Is there a statute of limitation on common law robbery and what are the sentencing guildlines

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Is there a statute of limitation on common law robbery and what are the sentencing guildlines

Asked on May 12, 2009 under Criminal Law, North Carolina

Answers:

MD, Member, California Bar / FreeAdvice Contributing Attorney

Answered 13 years ago | Contributor

What do you mean by statute of limitations? If you mean for a warrant out for your arrest, no. In terms of bringing the case to court, you have a constitutional right to a speedy trial, however, the court can continue trials based on motions, and reasonable timeframes. 

§ 15‑10.  Speedy trial or discharge on commitment for felony.

When any person who has been committed for treason or felony, plainly and specially expressed in the warrant of commitment, upon his prayer in open court to be brought to his trial, shall not be indicted some time in the next term of the superior or criminal court  ensuing such commitment, the judge of the court, upon notice in open court on the last day of the term, shall set at liberty such prisoner upon bail, unless it appear upon oath that the witnesses for the State could not be produced at the same term; and if such prisoner, upon his prayer as aforesaid, shall not be indicted and tried at the second term of the court, he shall be discharged from his imprisonment: Provided, the judge presiding may, in his discretion, refuse to discharge such person if the time between the first and second terms of the court be less than four months. (1868‑9, c. 116, s. 33; Code, s. 1658; Rev., s. 3155; 1913, c. 2; C.S., s. 4521.)

Robbery in your state is a Class G felony, which carries quite some time (http://www.ncga.state.nc.us/EnactedLegislation/Statutes/HTML/BySection/Chapter_15A/GS_15A-1340.17.html).  See the laws below:

§ 14‑87.1.  Punishment for common‑law robbery.

Robbery as defined at common law, other than robbery with a firearm or other dangerous weapon as defined by G.S. 14‑87, shall be punishable as a Class G felony. (1979, c. 760, s. 5; 1993, c. 539, s. 1174; 1994, Ex. Sess., c. 24, s. 14(c).)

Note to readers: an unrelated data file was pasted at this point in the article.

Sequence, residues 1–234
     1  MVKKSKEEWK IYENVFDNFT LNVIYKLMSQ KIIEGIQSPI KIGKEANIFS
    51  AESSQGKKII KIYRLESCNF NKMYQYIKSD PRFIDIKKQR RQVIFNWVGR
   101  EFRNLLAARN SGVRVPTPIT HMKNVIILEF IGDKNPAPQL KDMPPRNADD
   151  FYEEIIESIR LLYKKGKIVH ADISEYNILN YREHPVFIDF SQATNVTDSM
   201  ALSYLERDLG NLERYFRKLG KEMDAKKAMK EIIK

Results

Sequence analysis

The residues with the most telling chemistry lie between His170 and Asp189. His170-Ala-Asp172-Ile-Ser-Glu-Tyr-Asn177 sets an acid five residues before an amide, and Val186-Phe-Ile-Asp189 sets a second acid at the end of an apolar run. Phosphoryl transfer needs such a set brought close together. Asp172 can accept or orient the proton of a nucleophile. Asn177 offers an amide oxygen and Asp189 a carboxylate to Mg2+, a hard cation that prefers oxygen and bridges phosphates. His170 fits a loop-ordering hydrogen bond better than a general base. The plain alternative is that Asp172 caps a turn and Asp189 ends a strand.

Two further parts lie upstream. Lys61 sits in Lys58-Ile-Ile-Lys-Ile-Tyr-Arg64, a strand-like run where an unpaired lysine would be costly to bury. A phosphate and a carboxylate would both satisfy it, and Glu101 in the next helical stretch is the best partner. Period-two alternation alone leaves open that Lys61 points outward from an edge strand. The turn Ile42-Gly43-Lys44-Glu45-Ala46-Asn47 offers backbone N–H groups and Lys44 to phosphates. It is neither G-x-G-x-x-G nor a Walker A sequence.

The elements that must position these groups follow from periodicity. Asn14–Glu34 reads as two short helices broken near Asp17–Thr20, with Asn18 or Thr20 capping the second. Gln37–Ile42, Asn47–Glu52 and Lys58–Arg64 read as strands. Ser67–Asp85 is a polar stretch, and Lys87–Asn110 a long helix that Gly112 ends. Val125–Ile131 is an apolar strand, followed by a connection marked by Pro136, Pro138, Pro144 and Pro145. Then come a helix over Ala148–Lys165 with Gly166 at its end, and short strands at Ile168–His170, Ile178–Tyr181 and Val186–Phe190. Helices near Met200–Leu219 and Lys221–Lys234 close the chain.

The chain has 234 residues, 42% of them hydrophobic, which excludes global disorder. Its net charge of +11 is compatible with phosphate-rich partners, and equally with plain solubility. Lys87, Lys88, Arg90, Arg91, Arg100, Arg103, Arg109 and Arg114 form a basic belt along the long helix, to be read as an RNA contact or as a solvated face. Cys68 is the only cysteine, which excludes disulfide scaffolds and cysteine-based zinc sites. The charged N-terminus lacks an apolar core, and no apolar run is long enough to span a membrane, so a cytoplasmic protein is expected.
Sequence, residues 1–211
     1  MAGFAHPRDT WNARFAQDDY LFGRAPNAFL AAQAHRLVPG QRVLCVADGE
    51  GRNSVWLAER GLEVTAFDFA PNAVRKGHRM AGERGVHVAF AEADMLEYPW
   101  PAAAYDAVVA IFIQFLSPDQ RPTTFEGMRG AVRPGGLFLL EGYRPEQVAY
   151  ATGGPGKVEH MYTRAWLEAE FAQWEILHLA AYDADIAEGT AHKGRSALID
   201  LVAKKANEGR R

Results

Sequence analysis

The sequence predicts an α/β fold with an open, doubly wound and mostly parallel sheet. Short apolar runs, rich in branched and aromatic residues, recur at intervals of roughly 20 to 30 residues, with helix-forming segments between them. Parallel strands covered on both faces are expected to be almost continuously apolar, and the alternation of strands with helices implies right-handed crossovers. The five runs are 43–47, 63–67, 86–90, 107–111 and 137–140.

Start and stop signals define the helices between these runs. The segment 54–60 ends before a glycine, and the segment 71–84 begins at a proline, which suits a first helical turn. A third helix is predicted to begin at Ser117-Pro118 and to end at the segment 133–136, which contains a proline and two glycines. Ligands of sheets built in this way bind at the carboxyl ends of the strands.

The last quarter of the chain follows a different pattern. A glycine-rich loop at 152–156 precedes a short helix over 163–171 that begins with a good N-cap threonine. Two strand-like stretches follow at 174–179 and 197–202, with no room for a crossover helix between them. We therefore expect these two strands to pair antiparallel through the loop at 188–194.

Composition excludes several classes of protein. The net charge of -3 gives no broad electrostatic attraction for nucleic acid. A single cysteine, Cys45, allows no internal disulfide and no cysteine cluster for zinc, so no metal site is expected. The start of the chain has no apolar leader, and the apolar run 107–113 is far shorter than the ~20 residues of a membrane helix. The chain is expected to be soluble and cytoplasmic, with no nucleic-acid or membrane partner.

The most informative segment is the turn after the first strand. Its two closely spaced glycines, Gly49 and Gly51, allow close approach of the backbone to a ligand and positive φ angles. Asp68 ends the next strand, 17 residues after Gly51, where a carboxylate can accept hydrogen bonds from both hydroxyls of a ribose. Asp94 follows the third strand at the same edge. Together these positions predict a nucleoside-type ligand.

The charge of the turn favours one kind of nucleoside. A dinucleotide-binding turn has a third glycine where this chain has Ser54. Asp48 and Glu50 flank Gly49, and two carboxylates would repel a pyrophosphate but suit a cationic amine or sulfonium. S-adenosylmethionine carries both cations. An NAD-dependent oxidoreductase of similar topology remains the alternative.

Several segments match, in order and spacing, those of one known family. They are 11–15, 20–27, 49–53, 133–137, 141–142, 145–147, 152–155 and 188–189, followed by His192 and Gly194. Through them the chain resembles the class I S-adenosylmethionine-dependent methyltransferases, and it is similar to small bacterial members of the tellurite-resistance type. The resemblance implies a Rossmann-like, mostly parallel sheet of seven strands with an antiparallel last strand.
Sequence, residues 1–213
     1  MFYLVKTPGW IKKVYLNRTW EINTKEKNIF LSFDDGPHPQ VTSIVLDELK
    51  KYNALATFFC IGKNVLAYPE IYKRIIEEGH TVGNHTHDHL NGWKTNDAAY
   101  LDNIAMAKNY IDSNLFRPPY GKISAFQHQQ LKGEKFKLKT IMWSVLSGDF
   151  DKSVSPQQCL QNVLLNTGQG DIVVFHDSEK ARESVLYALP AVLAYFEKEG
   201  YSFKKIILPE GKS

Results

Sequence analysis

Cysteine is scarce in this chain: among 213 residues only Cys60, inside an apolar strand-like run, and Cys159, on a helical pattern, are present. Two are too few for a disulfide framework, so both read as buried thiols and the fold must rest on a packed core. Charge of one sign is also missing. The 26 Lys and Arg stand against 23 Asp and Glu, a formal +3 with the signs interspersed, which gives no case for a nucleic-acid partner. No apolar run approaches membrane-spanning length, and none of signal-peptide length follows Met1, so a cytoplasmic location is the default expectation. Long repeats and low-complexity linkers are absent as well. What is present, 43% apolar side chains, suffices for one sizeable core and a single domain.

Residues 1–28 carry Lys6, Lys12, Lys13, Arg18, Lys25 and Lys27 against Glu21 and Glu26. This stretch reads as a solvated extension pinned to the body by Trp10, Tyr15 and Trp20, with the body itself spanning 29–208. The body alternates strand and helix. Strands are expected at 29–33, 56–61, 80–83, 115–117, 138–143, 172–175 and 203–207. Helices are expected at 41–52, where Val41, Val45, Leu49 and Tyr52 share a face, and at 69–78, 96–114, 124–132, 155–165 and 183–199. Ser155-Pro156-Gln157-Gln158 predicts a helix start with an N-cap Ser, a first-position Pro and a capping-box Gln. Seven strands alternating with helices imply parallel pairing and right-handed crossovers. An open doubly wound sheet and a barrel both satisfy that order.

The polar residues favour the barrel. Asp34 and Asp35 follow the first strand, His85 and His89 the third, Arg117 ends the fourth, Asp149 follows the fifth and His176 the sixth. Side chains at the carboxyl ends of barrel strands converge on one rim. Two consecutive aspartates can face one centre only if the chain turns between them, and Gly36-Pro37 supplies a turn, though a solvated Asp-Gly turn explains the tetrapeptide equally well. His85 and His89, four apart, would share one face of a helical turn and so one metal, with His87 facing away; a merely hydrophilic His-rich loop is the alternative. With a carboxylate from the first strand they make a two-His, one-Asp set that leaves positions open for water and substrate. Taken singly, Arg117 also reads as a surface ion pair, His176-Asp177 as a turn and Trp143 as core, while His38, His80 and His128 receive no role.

§ 14‑1.  Felonies and misdemeanors defined.

A felony is a crime which:

(1)       Was a felony at common law;

(2)       Is or may be punishable by death;

(3)       Is or may be punishable by imprisonment in the State's prison; or

(4)       Is denominated as a felony by statute.

Any other crime is a misdemeanor. (1891, c. 205, s. 1; Rev., s. 3291; C.S., s. 4171; 1967, c. 1251, s. 1.)

 

§ 14‑2.3.  Forfeiture of gain acquired through criminal activity.

(a)       Except as is otherwise provided in Article 3 of Chapter 31A, in the case of any violation of Article 13A of Chapter 14, or a general statute constituting a felony other than a nonwillful homicide, any money or other property or interest in property acquired thereby shall be forfeited to the State of North Carolina, including any profits, gain, remuneration, or compensation directly or indirectly collected by or accruing to any offender.

(b)       An action to recover such property shall be brought by either a District Attorney or the Attorney General pursuant to G.S. 1‑532. The action must be brought within three years from the date of the conviction for the offense.

(c)       Nothing in this section shall be construed to require forfeiture of any money or property recovered by law‑enforcement officers pursuant to the investigation of an offense when the money or property is readily identifiable by the owner or guardian of the property or is traceable to him.  (1981, c. 840, s. 1; 2008‑214, s. 1.)

 

 


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